,avg_fragmentation_in_percent
FROM sys.dm_db_index_physical_stats(DB_ID(), NULL, NULL, NULL, NULL)
WHERE avg_fragmentation_in_percent 20
AND index_type_desc IN('CLUSTERED INDEX''NONCLUSTERED INDEX')

Then you just adjust the search clause to your liking. One hint is to exclude nindexes with few pages (the page_count column).

 

 

 

Is statistics over non-indexed columns updated by index rebuild?

Short answer: no.

This question came up today in the MCT discussion group. My gut instinct said no, but I wanted to test it to be certain. But first a brief background:

You can rebuild an index using DBCC DBREINDEX or in 2005 (and now preferred) ALTER INDEX … REBUILD. Rebuilding an index internally creates a new index and when that has been done, drops the old index.

So it is pretty obvious that we also get new statistics for that index (based on all data, not sampled, just as when we do CREATE INDEX). As an aside, reorganizing does *not* update the statistics…

But what about statistics over non-indexed columns? SQL Server can create this by itself, assuming you didn’t turn off this database option. These are named something like _WA_sys. And you can also create these explicitly usinf CREATE STATISTICS.

A few words about below script: I wanted to use the STATS_DATE function to retrieve datetime for when the statistics was built/updated. But STATS_DATE doesn’t seem to work on statistics only; it expect an id for an index… So, this is why I use DBCC SHOW_STATISTICS instead. And, unfortunately, DBCC SHOW_STATISTICS only display the statistics build time with minute precision. This is why I have a WAITFOR with > 1 minute in between the operations.

I got the same resuld whether or not I rebuild a clustered or non-clustered index on the table or even when specifying ALL indexes. Script:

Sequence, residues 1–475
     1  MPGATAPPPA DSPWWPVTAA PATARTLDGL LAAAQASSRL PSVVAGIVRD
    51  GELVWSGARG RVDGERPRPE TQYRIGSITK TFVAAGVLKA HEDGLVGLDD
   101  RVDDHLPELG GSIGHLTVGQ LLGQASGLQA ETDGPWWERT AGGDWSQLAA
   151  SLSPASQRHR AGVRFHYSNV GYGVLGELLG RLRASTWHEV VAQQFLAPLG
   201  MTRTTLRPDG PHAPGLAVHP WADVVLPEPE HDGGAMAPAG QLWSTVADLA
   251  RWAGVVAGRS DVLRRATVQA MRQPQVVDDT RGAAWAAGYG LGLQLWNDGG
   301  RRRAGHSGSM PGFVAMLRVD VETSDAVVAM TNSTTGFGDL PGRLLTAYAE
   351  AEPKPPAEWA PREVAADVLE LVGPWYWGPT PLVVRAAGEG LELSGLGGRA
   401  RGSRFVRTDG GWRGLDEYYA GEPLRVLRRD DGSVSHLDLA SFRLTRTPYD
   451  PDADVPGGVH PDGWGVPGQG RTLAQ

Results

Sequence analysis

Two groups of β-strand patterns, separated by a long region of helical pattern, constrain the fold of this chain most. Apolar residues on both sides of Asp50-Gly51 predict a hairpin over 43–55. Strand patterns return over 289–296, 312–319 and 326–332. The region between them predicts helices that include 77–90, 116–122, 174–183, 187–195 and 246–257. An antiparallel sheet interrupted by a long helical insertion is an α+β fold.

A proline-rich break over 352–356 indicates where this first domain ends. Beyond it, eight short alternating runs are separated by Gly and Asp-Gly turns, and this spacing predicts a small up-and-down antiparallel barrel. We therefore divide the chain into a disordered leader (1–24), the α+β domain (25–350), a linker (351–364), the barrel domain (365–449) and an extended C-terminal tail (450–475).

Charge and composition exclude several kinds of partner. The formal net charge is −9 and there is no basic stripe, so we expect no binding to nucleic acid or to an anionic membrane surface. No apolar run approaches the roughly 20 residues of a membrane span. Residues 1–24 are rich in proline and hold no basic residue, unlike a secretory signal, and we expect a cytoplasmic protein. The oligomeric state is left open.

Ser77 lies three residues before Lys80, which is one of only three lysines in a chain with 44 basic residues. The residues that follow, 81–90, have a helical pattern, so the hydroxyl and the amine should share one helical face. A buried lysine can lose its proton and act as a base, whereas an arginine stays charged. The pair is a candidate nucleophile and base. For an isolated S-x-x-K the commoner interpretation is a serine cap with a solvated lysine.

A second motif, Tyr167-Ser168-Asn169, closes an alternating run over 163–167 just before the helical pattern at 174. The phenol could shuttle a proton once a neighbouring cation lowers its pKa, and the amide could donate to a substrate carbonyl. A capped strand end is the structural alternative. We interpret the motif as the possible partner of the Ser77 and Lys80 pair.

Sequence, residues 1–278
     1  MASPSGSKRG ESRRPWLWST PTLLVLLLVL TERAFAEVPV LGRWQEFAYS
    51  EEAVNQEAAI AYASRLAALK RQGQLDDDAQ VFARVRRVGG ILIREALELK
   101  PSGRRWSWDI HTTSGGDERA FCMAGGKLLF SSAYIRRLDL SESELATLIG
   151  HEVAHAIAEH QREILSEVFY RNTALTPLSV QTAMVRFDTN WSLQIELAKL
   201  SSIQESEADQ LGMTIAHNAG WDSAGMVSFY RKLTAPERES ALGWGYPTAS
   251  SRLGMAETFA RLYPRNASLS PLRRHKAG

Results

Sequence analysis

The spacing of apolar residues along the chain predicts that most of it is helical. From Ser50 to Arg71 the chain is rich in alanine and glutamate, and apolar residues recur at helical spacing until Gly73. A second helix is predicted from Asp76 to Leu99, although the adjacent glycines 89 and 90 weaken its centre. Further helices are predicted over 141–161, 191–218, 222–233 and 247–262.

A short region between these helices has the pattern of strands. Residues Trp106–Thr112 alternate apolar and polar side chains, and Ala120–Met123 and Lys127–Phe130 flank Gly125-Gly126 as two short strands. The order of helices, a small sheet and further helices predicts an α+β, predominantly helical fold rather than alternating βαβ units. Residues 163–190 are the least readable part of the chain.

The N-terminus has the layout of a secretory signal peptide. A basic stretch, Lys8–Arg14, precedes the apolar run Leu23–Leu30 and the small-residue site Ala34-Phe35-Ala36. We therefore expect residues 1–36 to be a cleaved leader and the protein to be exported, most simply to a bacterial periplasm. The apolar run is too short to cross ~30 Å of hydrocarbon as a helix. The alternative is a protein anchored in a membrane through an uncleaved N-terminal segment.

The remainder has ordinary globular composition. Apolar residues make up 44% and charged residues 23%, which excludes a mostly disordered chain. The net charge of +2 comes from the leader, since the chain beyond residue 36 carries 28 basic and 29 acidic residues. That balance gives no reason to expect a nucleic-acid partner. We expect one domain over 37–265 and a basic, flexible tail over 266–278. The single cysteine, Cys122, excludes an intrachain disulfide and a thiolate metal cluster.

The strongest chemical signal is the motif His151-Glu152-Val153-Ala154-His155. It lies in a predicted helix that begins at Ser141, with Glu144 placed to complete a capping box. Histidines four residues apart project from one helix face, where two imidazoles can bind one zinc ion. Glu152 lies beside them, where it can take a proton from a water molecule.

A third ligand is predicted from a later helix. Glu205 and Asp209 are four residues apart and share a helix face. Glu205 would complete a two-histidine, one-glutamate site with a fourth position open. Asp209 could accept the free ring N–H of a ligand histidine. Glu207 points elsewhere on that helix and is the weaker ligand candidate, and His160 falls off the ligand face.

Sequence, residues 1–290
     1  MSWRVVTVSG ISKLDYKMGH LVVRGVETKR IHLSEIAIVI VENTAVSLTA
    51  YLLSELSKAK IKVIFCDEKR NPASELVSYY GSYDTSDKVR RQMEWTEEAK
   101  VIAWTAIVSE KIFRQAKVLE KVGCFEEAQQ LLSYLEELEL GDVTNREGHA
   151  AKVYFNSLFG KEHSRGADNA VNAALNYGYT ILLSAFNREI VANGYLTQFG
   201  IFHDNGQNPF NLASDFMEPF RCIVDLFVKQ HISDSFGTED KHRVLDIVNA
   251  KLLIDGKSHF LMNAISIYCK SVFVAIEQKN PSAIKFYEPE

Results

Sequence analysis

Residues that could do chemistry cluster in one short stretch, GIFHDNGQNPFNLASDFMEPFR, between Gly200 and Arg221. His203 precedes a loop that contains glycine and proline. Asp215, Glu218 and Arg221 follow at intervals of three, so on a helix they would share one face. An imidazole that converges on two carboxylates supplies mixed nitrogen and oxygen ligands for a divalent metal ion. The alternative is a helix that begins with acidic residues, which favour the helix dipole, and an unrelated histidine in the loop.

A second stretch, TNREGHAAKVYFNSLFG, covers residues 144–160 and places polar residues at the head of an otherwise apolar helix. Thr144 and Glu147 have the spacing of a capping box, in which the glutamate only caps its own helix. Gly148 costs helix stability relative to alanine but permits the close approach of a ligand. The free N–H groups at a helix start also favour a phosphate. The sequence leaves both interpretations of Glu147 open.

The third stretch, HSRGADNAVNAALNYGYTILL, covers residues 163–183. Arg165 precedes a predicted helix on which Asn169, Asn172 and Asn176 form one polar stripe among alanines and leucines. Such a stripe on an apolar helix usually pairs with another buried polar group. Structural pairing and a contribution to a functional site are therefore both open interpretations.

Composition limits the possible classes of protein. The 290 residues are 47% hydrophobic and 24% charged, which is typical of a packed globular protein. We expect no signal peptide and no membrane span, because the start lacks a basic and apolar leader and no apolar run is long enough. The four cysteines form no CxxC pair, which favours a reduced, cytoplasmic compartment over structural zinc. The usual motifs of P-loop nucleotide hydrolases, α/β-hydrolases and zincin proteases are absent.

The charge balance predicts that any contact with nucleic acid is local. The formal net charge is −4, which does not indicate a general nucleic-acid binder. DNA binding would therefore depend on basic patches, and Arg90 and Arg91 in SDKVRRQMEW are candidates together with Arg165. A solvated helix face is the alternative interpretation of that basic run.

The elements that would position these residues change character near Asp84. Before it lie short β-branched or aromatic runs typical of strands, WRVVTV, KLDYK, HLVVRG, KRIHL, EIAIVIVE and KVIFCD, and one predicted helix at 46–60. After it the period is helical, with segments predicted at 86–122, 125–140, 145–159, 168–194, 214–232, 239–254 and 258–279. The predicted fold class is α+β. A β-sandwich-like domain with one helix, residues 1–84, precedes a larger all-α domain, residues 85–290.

USE tempdb
SET NOCOUNT ON
IF OBJECT_ID(‘t’) IS NOT NULL DROP TABLE t
CREATE TABLE t(c1 int identity, c2 char(5))
INSERT INTO t (c2)
SELECT TOP 10000 ‘Hello’ FROM syscolumns a, syscolumns b

CREATE CLUSTERED INDEX x1 ON t(c2)
CREATE STATISTICS s1 ON t(c1)

SELECT ‘ ‘ AS “Before mass modification”
DBCC SHOW_STATISTICS(‘t’, ‘x1’) WITH STAT_HEADER, NO_INFOMSGS
DBCC SHOW_STATISTICS(‘t’, ‘s1′) WITH STAT_HEADER, NO_INFOMSGS

WAITFOR DELAY ’00:01:02’

INSERT INTO t (c2)
SELECT TOP 10000 ‘Hi’ FROM syscolumns a, syscolumns b
SELECT ‘ ‘ AS “Before index rebuild”
DBCC SHOW_STATISTICS(‘t’, ‘x1’) WITH STAT_HEADER, NO_INFOMSGS
DBCC SHOW_STATISTICS(‘t’, ‘s1′) WITH STAT_HEADER, NO_INFOMSGS

WAITFOR DELAY ’00:01:02’

–ALTER INDEX x1 ON t REBUILD
ALTER INDEX ALL ON t REBUILD
SELECT ‘ ‘ AS “After index rebuild”
DBCC SHOW_STATISTICS(‘t’, ‘x1’) WITH STAT_HEADER, NO_INFOMSGS
DBCC SHOW_STATISTICS(‘t’, ‘s1’) WITH STAT_HEADER, NO_INFOMSGS

 

 

Does BACKUP utilize pages in cache?

I’m having a conversation with Tony Rogerson (see his great blog at: http://sqlblogcasts.com/blogs/tonyrogerson/) about whether or not BACKUP will grab paged from cache (Buffer Pool, BP) or always read them from disk.

It seems natural to grab the pages in BP to eliminate some physical I/O. But thinking a bit more, I realized that the data in BP might not be organized in a suitable way. As far as I know, there’s no overall extent structure (map) for the BP. And BACKUP is done at extent basis (extents doesn’t have to be sequental on backup media, though). So, how would SQL Server orchestrate this? It need to lay each extent in backup media, but reading BP, it will get something like page 5 from extent 78, then page 2 from page 456, then page 3 from page 8964, then page 2 from extent 78.